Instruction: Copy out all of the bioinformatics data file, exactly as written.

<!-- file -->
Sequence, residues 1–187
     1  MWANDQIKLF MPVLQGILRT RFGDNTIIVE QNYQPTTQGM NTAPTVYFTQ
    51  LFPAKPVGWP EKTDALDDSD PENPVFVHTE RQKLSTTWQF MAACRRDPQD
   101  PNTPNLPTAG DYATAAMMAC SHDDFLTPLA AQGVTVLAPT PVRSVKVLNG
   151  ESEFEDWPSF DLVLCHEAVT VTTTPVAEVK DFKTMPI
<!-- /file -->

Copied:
Sequence, residues 1–187
     1  MWANDQIKLF MPVLQGILRT RFGDNTIIVE QNYQPTTQGM NTAPTVYFTQ
    51  LFPAKPVGWP EKTDALDDSD PENPVFVHTE RQKLSTTWQF MAACRRDPQD
   101  PNTPNLPTAG DYATAAMMAC SHDDFLTPLA AQGVTVLAPT PVRSVKVLNG
   151  ESEFEDWPSF DLVLCHEAVT VTTTPVAEVK DFKTMPI